Lake Malawi is Africa's 3rd largest lake and owes its existence to the Great Rift Valley. Lake Malawi offers secluded, sandy bays, remote islands, beautiful white beaches combined with the crystal clear waters. Lake Malawi is 600km in length, running along the eastern border of the country. A visit offers superb conditions for water sports and water activities, including scuba diving and snorkelling.
Lake Malawi is renowned for its incredible diversity of fish and contains more than any other lake on the planet. It has therefore been named a World Heritage Site. Lake Malawi National Park, situated at the southern end of the lake, is the first in the world set aside for the protection of freshwater fish.
Lake Malawi has been ranked by many to offer some of the most romantic lodges in the world with its palm-fringed beaches, towering mountains and scenic fishing villages situated along the shoreline.
The jewel in the crown of Malawi's tourist attractions is Lake Malawi, said to have been discovered by the missionary-explorer, Dr David Livingstone, over 150 years ago. It is now a World Heritage Site protecting a plethora of endemic freshwater fish.
The northern section of this 650km-long lake is extraordinarily deep at about 700 m, plunging well below sea level. This is a mind-boggling reflection of the enormity of the natural faulting of the Great Rift Valley, which is the origin of the Lake.
Lake Malawi is a top destination in the world for water activities, such as kayaking, sailing, snorkelling, scuba diving and water-skiing, which are all offered at various lodges dotted along the shores of this freshwater paradise.
About one quarter of Lake Malawi belongs to neighbouring Mozambique (where it is called Lake Nyasa). This portion of the lake includes the only two inhabited islets on the lake: Chizumulu and Likoma.
Kaya Mawa Lodge is simply magnificent and one of the most romantic destinations on the planet. It offers beautiful scenery of the beach and Lake Malawi with the addition of incredible sunsets.
Mumbo Island Camp is in a prime location on a remote tropical island in Lake Malawi. Mumbo can accommodate a maximum of 14 guests in their thatched-roof tents, which are raised on wooden decks or on the high rocks typical of this island.
Pumulani Lodge is a luxurious and exclusive beach lodge offering a secluded location on the shores of Lake Malawi. Luxurious accommodation at each villa with large bedrooms, spacious living areas and private decks; personal service and breath-taking views making Pumulani the perfect African beach lodge.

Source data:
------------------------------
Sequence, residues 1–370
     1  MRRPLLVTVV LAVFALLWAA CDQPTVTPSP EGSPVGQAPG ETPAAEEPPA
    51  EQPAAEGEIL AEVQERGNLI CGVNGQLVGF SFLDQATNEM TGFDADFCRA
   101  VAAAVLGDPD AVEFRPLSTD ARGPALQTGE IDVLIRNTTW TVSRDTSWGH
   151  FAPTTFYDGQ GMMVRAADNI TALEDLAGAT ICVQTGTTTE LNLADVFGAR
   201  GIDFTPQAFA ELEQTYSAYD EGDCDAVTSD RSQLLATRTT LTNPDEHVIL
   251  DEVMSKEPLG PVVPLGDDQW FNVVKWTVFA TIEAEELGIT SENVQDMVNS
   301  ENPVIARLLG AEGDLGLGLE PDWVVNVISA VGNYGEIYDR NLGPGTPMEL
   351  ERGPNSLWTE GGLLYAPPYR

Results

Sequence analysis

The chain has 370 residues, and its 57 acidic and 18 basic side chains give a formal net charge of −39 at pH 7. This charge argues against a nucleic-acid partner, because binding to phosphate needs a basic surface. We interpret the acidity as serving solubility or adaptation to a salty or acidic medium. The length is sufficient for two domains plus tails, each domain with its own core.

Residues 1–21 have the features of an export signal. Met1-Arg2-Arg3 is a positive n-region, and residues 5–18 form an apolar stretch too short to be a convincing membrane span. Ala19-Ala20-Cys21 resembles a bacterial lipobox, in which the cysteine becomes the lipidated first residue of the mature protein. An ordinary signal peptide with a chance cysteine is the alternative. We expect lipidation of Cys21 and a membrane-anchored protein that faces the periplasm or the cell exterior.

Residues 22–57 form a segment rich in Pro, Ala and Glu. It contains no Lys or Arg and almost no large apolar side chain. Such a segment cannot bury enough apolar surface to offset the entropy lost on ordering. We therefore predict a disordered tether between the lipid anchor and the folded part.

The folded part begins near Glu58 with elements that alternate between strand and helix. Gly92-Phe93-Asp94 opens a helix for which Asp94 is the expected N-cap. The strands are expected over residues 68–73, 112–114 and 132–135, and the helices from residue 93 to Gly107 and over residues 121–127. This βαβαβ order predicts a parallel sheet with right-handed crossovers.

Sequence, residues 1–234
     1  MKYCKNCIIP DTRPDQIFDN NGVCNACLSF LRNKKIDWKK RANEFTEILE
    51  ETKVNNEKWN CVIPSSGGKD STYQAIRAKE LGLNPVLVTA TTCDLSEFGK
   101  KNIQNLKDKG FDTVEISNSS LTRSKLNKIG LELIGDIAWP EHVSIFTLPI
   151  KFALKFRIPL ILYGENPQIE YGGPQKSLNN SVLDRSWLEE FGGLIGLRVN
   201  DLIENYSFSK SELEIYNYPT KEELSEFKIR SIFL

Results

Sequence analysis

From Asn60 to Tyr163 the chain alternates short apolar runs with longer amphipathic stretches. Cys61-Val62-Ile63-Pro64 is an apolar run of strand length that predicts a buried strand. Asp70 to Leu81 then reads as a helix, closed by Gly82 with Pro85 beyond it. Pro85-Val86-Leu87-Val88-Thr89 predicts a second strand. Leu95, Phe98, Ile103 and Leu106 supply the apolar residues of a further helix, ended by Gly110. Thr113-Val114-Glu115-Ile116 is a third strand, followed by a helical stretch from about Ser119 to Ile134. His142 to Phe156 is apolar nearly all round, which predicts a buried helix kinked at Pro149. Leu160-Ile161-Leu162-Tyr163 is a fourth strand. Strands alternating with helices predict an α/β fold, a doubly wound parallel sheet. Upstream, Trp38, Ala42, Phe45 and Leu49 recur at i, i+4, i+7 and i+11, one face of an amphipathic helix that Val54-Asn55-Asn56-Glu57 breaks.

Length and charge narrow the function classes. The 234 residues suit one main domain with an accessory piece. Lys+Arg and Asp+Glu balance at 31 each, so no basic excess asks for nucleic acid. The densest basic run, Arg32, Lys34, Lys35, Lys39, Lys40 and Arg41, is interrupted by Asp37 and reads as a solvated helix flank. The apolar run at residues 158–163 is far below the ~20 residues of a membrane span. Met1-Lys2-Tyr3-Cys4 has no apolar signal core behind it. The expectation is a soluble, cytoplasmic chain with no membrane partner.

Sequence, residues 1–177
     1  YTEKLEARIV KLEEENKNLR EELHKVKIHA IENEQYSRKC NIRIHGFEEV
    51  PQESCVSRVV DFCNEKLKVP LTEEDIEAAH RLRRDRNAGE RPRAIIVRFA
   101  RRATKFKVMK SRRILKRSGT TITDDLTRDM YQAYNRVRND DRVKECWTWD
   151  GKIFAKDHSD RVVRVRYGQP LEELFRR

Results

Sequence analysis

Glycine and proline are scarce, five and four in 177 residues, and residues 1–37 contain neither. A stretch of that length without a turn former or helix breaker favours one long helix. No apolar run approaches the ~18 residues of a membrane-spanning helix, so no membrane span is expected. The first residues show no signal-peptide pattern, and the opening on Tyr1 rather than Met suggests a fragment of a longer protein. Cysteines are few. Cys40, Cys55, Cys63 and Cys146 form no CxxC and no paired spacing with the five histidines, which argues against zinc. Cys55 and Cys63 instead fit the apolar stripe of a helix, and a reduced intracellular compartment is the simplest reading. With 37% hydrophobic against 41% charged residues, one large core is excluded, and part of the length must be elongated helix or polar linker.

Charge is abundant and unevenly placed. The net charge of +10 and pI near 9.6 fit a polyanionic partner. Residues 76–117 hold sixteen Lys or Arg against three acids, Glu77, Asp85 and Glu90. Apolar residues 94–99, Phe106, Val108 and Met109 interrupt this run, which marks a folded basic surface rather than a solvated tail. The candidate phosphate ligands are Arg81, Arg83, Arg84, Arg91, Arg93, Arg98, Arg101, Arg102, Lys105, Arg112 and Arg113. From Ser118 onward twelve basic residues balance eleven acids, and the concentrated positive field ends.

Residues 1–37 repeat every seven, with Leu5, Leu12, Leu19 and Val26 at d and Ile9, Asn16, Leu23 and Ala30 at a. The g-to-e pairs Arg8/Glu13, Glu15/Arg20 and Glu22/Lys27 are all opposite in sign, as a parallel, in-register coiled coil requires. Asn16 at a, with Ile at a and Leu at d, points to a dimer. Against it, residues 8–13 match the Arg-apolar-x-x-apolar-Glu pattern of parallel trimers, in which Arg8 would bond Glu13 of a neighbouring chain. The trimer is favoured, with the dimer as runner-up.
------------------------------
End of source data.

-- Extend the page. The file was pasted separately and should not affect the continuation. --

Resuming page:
Chintheche Inn offers comfortable accommodation overlooking the beach and is the ideal getaway for families.
Malawi is primarily a driving destination and there is very little use of light air transfers. The country is very small and the roads have been well maintained, making for efficient and enjoyable road transport.
The primary international airport is in Lilongwe, the capital city, which is located in more or less the centre of the country. Sun Safaris will fly their guests into Malawi at Lilongwe International Airport from where they will connect with an arranged road transfer that will take them to their wildlife destination.
In other cases, Chileka International Airport, located 16km out of Blantyre, can be used as a domestic terminal for guests choosing to fly as close as possible to their destination in the south of Malawi.
Lake Malawi is vast and stretches across most of the eastern border of the country, dividing it from Mozambique. Guests will fly ot Lilongwe and take a road transfer to their booked accommodation on the lake.
Lake Malawi is a haven for water sports and outdoor enthusiasts. Most lodges offer walking and biking around the island, offering the ideal opportunity to get to know the friendly local people and explore the lively markets.
Island picnics are popular and most lodges will pack a picnic lunch for guests. Water activities include swimming and snorkelling and some lodges have their own NAUI accredited instructors, which will take guests through the steps of scuba diving. Other activities include water-skiing, tubing and wake boarding, while fishing trips and sailing appeal to the keen boatmen.
Malawi is known for its indigenous trees and incredible birdlife with over 100 bird species recorded in the park; particularly water birds, including the African fish eagle and large colonies of White-breasted cormorant. Lake Malawi National Park is located in the southern section of the lake and incorporates a number of small islands and land mass. This is where guests will find an 800-year-old baobab tree, as well as a community of baboons.
Malawi’s climate remains at moderate temperatures for most of the year, only getting quite cold in the chilliest winter months of June, July and August. Early morning and evening game drives will require some bundling up, but by midday the sun is out and the skies are clear.
Summers are obviously much warmer and after the season starts changing in September and October, the temperatures start to climb and the clouds prepare for rains. The mountainous topography of the country means that the low-lying areas around Lake Malawi get a lot hotter than the higher levels.
November brings the rain, some years, while other years the rain abates until December. During December, January, February and March, Malawi receives its rainfall and the vegetation begins to grow until it is wonderfully green and lush. It is not the best season for game viewing, though, as the game spreads out and becomes more difficult to see. April and May see the return of the dry weather and the temperatures drop.